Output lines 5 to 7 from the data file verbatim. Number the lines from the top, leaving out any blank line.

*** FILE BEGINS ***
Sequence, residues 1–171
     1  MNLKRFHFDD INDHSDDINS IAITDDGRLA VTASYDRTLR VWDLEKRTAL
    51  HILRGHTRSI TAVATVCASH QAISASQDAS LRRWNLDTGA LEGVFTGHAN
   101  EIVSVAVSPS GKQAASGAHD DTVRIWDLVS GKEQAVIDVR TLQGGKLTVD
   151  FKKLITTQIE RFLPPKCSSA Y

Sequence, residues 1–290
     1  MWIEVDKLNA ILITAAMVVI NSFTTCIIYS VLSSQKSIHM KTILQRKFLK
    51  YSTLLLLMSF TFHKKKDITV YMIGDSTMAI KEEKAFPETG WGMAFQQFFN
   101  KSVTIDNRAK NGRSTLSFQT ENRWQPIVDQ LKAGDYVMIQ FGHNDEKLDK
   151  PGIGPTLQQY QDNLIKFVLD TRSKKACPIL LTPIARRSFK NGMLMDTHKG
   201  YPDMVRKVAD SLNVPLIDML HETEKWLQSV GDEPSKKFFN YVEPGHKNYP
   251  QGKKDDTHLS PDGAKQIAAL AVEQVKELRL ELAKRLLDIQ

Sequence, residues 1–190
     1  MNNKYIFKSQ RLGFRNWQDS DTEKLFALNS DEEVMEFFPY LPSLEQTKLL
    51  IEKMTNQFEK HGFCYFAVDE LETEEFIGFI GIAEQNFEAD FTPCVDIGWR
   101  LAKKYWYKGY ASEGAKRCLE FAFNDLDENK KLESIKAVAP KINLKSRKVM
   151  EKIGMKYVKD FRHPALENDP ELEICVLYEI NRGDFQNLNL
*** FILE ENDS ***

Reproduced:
   151  FKKLITTQIE RFLPPKCSSA Y

Sequence, residues 1–290
     1  MWIEVDKLNA ILITAAMVVI NSFTTCIIYS VLSSQKSIHM KTILQRKFLK